Alpha isn’t easy to create. For every
successful investor who beats the market,
there must be another investor who loses.
Many financial economists have spent
their careers digging for fund characteristics, or factors, that consistently add
a higher rate of return than beta alone.
Access to data and advances in statistical techniques have helped scientists
build a list of reliable factors that could
be exploited by asset managers smart
enough to pick up the easy alpha that
Every year, I have my graduate students estimate alpha from historical
fund data using a range of characteristics, such as recent performance,
fund family and manager tenure. The
only consistent predictors are always
expenses, beta, value and size orientation.
Value investors have harvested alpha so consistently that
financial economists consider it the gold standard of all
investment factors. Much of the success of star investors like
Peter Lynch and Warren Buffet can be attributed to their
attraction to small, cheap companies. An investment in value
stocks has simply been a license to take wealth away from ill-informed, emotional growth investors who consistently leave
money on the table.
It turns out investing itself isn’t quite that easy. Growth
investors have eaten value investors’ lunch over the last
decade, happily wiping away their smug research-based grins.
Even though the gold-standard factor has lagged, industry experts such as Larry Swedroe of Buckingham Strategic
Wealth and Cliff Asness of AQR Capital Management point
out that factors don’t tend to be highly correlated and, when
combined, can consistently produce alpha without bearing the
risk that a single factor won’t be productive. Combining factors
can be the smart way to capture the elusive alpha.
Smart-beta investors can take advantage of the tax benefits,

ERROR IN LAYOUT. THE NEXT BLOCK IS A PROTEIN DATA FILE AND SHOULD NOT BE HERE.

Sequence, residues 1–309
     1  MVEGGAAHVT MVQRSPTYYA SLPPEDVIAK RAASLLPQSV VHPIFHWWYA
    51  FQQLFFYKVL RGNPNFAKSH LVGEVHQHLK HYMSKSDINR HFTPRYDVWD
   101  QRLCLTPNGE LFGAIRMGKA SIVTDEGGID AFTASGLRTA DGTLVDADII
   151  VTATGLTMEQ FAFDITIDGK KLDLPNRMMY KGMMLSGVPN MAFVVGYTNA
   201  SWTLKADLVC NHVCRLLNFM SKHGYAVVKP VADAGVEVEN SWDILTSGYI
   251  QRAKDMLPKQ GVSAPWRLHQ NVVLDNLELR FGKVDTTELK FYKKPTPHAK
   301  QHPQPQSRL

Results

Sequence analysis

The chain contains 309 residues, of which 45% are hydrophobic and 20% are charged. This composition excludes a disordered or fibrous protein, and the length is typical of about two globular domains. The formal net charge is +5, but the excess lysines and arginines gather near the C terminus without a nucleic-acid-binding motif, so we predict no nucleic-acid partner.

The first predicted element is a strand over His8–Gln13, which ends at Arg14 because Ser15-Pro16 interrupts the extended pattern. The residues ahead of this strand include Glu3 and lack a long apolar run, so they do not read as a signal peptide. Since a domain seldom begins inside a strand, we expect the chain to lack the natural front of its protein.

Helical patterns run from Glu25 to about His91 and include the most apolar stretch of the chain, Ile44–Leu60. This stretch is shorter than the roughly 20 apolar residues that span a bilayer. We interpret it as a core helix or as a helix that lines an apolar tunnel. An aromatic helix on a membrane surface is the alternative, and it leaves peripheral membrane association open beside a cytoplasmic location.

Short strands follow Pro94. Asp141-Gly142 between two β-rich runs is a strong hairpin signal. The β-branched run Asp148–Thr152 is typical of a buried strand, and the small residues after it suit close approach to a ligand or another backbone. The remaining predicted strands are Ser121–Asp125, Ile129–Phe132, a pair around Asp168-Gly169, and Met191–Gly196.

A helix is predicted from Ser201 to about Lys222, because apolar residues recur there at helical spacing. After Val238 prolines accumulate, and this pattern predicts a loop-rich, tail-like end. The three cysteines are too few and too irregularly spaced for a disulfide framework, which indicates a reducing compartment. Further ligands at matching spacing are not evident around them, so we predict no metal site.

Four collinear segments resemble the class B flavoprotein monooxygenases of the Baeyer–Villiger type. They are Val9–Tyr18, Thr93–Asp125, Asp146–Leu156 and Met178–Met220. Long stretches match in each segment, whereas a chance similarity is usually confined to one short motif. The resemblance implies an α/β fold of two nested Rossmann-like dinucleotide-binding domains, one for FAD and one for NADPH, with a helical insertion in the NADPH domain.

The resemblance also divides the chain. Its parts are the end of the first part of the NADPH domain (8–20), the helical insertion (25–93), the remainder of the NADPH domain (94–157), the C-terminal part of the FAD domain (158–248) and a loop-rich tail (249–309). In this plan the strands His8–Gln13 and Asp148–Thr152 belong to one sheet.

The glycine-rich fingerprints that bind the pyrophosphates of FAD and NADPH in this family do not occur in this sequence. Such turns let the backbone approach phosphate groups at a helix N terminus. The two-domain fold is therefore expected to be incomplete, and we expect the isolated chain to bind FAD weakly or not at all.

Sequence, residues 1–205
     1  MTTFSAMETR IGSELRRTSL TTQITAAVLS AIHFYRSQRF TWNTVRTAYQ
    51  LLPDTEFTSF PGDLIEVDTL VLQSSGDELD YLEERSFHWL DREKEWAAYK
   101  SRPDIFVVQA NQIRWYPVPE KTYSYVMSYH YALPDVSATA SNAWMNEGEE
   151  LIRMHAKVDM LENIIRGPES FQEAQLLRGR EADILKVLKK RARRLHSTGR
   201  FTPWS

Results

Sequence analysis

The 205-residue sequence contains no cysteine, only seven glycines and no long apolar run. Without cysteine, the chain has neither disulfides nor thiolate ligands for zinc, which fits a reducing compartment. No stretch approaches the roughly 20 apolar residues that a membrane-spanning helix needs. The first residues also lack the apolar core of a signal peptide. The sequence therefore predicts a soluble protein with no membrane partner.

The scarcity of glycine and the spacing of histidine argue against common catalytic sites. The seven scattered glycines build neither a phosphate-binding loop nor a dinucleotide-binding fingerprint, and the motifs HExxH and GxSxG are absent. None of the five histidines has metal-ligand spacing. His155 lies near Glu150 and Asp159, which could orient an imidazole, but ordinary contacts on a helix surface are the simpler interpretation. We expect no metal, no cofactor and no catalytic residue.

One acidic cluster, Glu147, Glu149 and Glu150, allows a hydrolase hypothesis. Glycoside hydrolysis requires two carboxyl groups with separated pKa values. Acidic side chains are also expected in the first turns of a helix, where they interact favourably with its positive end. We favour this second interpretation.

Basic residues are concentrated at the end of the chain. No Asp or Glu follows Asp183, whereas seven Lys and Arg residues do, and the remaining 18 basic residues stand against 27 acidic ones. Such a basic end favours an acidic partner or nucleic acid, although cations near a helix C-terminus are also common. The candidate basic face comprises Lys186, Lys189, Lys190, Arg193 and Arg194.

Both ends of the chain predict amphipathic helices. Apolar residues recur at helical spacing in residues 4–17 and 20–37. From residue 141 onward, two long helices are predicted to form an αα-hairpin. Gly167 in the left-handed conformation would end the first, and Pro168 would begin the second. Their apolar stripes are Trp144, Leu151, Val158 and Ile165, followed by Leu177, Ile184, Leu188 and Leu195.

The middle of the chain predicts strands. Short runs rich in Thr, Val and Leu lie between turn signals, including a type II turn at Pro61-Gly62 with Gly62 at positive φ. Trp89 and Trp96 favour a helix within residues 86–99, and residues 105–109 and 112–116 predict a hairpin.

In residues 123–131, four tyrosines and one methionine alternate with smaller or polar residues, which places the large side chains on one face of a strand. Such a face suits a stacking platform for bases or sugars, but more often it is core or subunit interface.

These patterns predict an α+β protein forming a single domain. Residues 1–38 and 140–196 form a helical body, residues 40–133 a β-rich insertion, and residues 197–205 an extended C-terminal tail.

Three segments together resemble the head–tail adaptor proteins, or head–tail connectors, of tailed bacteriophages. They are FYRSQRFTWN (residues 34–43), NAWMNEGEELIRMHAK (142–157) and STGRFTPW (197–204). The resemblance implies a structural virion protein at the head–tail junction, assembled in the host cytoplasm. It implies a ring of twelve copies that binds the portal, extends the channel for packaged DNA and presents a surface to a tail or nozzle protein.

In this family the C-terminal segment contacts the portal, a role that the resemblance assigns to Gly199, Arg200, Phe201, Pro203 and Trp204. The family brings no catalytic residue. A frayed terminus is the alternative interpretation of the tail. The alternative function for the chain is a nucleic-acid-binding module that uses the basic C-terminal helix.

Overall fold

low costs and liquidity of the ETF structure through a new
breed of multifactor investments that hunts for alpha using a
variety of research-based strategies.
The Multifactor ETF
A new generation of ETFs promises to intelligently combine
research-based factors through a low-cost platform to generate better outcomes than plain-vanilla beta ETFs. This means
paying attention to the research to better understand what
factors are consistently generating higher returns and combining them to give investors the best shot at outperforming
According to John Feyerer, senior director of Equity
ETF Strategies at Invesco, multifactor ETFs “democratize
access to what institutional investors may have utilized for
decades. What’s game changing for investors and financial
advisors is their ability to incorporate these factors into
What factors can produce alpha? Since researchers are
constantly testing new and old factors, our understanding of
which factors are most reliable and how to productively com-
bine factors improves and changes over time. “We believe
that there are five or six factors that make sense — value,
size, momentum, low volatility, quality and dividend yield,”
“When you look at the criteria for a factor to be considered historically rewarded, one of the things you need to
see is excess return in the full history and out of sample,”
“If it was discovered years ago, does it continue to persist
out of sample domestically and globally? Does it have a logical reason to exist? Is there an economic rationale for why it
existed and why it should persist? Are the returns statistically
significant?” he asks.
The longstanding criticism of factors is that they arise
from data mining by researchers who hope to find correlations between investment characteristics and returns in the
historical data. In a recent interview, Bill Sharpe discussed the
possibility that many of these factors are the result of random
trends and prone to disappear or even revert to a negative
alpha once identified.
Ben Johnson, director of Global ETF Research at
Morningstar, agrees that factors need to have a reason
to exist before advisors can be convinced that they will
“[A factor] has to be
something that is backed by
intuition. Value is incredibly
intuitive — it makes sense.
Buy things that are priced
at less than what they’re
worth. They have to be
vetted by academics and
practitioners. If there are
two that have passed the
test, I’d argue that they are
value and momentum.”
—Ben Johnson, director of Global
ETF Research at Morningstar